Editor’s note: The Fremont Tribune is publishing a series, “20 Under 40,” that shares stories of young professionals in Fremont under the age of 40. The series will highlight one individual on Page C1 every weekend until November 21. “20 Under 40” is sponsored in part by RTG Medical and the Fremont Chamber of Commerce.
In the 14 years she’s been with Nye Health Services, Kristin Harris has held various leadership positions across its campuses, a step up from her previous nursing roles.
“Most people go into nursing to help people, to be in that hands-on support role,” she said. “And I don’t think that it’s always something that people think of right away, but if they keep working hard, there are lots of opportunities for growth in our industry, especially in long-term care.”
Currently, Harris is vice president of operations with the company, having worked for Nye Square and Nye Legacy in Fremont prior to taking a position at the home office two-and-a-half years ago.
A self-proclaimed “Arlington girl,” Harris was born and raised there.
“My parents still live in Arlington with most of my family,” she said. “And I was raised on a small farm north of town with lots of animals and lots of love.”
On the farm, Harris said she was raised to be extremely family-oriented, as well as people-oriented.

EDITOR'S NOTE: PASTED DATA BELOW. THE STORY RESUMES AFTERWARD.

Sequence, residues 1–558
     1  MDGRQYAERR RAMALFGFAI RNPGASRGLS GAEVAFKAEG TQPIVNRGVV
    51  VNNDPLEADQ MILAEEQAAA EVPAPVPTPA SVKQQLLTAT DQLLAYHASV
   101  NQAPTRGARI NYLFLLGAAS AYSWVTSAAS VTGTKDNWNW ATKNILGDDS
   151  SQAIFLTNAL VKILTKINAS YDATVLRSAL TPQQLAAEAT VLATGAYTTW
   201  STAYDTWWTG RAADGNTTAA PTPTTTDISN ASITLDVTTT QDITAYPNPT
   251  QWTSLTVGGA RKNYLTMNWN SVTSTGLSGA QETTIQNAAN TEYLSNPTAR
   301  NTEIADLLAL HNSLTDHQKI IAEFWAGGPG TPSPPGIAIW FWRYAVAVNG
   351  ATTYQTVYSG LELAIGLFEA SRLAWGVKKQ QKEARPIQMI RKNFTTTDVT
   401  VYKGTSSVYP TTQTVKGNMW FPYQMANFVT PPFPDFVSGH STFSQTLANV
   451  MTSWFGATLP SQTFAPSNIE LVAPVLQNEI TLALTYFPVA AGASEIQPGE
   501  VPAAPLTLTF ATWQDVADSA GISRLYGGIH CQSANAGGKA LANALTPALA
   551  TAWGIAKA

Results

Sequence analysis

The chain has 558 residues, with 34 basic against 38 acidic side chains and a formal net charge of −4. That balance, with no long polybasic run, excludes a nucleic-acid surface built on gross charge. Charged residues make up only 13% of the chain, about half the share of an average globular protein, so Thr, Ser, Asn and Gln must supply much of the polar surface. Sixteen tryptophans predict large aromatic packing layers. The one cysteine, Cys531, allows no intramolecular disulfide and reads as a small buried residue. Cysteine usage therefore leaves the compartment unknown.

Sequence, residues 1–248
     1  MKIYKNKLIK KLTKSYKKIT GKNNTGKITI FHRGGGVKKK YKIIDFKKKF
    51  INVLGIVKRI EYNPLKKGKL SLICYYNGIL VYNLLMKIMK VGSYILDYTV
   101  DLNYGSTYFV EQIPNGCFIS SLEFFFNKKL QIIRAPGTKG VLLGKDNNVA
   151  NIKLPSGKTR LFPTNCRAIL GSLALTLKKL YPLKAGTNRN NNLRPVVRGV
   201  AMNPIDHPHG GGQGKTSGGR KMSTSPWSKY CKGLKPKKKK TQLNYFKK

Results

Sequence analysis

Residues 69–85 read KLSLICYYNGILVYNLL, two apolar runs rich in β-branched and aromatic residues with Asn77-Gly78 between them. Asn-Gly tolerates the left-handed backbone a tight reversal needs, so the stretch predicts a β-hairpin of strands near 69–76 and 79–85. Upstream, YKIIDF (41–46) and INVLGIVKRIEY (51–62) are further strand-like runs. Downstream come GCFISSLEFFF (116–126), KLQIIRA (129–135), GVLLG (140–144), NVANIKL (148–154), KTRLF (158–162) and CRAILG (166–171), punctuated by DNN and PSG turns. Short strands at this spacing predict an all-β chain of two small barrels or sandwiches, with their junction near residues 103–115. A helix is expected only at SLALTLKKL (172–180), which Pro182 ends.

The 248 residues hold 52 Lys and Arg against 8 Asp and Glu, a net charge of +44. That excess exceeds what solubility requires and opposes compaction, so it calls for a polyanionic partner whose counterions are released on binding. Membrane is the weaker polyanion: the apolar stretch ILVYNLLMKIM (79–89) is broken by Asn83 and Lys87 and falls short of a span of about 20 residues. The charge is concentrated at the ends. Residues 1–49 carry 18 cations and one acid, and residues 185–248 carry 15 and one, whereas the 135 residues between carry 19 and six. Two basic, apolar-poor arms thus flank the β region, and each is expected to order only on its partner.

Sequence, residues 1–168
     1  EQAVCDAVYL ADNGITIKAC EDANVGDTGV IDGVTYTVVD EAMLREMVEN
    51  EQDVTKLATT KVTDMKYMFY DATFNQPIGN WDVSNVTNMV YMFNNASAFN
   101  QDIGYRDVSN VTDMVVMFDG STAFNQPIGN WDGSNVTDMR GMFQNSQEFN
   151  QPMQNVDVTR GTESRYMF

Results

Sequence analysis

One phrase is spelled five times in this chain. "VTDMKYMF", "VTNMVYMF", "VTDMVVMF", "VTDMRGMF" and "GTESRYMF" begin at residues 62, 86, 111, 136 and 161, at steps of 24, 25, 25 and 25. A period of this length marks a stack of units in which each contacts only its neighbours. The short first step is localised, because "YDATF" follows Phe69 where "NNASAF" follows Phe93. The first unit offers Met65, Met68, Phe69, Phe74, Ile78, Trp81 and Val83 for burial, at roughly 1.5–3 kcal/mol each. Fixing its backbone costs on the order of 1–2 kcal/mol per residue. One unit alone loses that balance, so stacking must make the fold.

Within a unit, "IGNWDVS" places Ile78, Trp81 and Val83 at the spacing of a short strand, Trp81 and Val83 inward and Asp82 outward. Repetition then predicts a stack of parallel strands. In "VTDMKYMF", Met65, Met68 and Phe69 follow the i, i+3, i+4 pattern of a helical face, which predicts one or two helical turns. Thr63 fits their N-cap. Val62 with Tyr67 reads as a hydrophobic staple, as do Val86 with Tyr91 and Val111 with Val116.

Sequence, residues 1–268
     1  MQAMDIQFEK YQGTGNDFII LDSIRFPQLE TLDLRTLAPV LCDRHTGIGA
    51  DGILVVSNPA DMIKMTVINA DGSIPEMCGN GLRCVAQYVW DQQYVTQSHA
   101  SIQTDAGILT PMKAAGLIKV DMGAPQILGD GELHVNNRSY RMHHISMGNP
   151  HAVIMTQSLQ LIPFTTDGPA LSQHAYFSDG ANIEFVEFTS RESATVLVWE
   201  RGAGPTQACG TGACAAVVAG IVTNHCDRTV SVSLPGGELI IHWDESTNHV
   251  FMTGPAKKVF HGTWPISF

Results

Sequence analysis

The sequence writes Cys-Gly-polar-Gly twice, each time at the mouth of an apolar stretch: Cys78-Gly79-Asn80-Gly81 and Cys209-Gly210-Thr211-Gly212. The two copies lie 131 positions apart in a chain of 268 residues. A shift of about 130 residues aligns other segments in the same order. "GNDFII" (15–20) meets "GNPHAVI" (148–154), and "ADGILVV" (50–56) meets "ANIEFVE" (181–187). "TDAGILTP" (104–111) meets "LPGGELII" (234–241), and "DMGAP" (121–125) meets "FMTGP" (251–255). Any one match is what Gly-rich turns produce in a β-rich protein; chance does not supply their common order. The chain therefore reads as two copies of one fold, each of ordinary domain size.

“Being raised in a small town with most of your family in that community, there’s a lot of support,” she said. “And I loved being able to be with our family and friends regularly and know that there was just kind of that unconditional support at all times.”
At Arlington High School, Harris took part in multiple sports, including volleyball, basketball, track and cheerleading, as well as swing choir, student council and Future Business Leaders of America, which she said prepared her the most for the future.
“We went to conferences and competitions, and you were exposed to a lot of things that in a day-to-day small town you don’t get exposed to,” she said.
Additionally, Harris said her time on the cheerleading squad impacted her life as well.
“Cheerleading was something that helped me learn how to engage large crowds of people and get people excited about things and not settle when people wouldn’t stand up in the crowd,” she said. “That was also something that I think helped, just being who I am and how I do things.”
In 1999, Harris graduated from high school and started with the nursing program at Midland University.
“My youngest brother had been diagnosed with cancer, and so because of that, because of how close our family was, I knew I didn’t want to go very far away from them when I went to college,” she said. “And Midland had an excellent nursing program that I was really excited to be a part of, so that’s what made my selection for Fremont.”